Grant Period: over one year and eight months

Since its inception, Katha Centre for Film Studies (KCFS), a unit of Katha, New Delhi, has actively involved young people Mumbai in its activities and film festivals. Besides organising regular screenings at educational and cultural institutions, KCFS has encouraged young minds to think about film critically and carefully, and has created spaces where they can present films to a wider public. As a Nodal Centre for film curatorial practice under the Curatorship Programme, KCFS has conducted a workshop on film curatorial practice and hosted a five-day film festival curated by participants selected from the workshop. The workshop, which was conducted at the Bhau Daji Lad Museum in Mumbai, focused on creating an overall conceptual framework around film curatorial practice and investigating the relationship between the curator and the audience. Six participants selected from the workshop developed their curatorial packages with critical feedback that was provided by KCFS staff and resource persons. These packages were showcased at Cinema Satsang, which was held at the Alliance Française de Bombay between February 21 and 25, 2011.

Given the multi-disciplinary nature of curatorial studies and the nascent stage of film curatorial practice in the country, a review of the project highlighted that a three-day workshop did not give adequate time to delve into several critical questions and debates around the practice of curation. Neither was the workshop sufficient to equip participants with the methodological and interpretative tools needed to curate a film festival. This grant is being made to enable KCFS to extend the annual workshop from three to five days, as well as allow them to host a one-day ancillary second workshop for those participants whose curatorial ideas have been selected for the film festival.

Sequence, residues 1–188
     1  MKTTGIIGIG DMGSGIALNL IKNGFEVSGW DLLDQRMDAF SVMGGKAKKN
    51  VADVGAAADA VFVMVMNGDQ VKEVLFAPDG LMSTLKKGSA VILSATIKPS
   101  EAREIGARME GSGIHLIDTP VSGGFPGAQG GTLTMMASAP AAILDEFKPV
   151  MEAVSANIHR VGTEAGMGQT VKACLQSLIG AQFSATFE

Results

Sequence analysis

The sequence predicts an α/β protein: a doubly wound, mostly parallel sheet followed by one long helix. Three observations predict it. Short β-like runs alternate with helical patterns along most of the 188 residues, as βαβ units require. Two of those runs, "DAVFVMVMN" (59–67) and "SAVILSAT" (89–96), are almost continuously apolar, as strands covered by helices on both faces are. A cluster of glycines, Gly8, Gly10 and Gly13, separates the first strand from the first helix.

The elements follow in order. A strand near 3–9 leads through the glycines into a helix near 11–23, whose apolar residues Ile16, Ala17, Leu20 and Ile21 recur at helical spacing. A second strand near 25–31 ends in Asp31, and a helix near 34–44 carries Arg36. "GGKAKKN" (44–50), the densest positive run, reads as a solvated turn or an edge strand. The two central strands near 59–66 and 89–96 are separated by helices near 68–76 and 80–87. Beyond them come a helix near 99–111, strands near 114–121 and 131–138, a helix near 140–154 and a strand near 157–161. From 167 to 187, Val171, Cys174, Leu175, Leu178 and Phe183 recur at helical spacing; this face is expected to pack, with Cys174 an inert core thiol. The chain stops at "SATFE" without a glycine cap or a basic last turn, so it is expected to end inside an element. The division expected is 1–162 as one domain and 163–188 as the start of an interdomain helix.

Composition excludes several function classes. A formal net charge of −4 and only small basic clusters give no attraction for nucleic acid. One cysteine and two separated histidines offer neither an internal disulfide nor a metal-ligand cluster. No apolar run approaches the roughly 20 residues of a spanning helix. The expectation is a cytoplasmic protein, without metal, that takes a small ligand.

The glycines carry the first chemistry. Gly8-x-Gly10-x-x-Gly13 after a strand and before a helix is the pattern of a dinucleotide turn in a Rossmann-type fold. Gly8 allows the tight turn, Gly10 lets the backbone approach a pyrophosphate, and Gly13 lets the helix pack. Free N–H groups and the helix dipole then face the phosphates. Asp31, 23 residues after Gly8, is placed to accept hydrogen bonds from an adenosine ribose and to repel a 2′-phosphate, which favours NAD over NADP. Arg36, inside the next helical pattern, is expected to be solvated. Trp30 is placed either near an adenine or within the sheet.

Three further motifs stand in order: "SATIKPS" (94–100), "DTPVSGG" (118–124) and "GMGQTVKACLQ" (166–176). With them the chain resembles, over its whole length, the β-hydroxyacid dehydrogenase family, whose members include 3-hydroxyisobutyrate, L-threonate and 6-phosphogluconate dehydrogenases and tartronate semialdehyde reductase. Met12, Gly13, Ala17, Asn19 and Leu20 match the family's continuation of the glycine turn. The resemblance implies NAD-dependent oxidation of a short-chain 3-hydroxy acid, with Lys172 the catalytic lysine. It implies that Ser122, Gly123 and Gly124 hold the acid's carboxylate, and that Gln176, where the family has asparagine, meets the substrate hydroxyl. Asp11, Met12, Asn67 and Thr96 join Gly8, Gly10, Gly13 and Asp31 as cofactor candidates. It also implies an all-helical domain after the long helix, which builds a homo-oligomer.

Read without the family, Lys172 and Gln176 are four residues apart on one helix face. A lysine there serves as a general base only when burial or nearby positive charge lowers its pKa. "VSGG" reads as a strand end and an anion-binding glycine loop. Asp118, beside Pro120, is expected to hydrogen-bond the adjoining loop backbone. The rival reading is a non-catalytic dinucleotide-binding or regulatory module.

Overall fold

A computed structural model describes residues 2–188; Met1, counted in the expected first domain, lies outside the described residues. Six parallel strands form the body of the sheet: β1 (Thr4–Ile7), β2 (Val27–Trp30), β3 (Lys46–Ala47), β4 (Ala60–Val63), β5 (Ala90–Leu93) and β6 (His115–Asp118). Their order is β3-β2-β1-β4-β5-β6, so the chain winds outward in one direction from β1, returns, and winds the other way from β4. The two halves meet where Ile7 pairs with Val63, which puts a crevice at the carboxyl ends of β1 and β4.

The additional two days of the workshop will also allow for a better understanding of context of programming/curating films in India, which is incomplete without an inquiry into the history of the film society movement, state-run festivals, and the parallel trajectory evolved through the discursive practices of individual curators. The next workshop will aim to examine the history of film curatorial practice in India through case studies and through an unpacking of different curatorial styles. It is also hoped that this juxtaposition of different approaches to curation will alert participants to the wider context within which they will function as film curators. The grant will also provide for adequate documentation of the workshop, which is necessary for building discourse around film curatorial practice. Furthermore, the overwhelming response from cinephiles from outside Mumbai, as well as the need to address a pan-Indian context, requires that provisions be made for the accommodation and travel of participants coming from various parts of the country.

Additionally, the feedback received from participants, and a review by the Steering Committee and programme staff, highlighted that while participants had put in considerable effort to finalise their curatorial choices and presentation for the film festival, their curatorial ideas would have benefited considerably from specialised inputs. This grant will therefore enable KCFS to incorporate a rigorous mentorship programme to oversee the conceptualisation of participants’ curatorial ideas and to suggest films and resources to them. Owing to a poor audience turnout on weekday mornings, KCFS has decided to screen the films over consecutive weekends. This would also help provide adequate time to the curators to showcase their curatorial packages.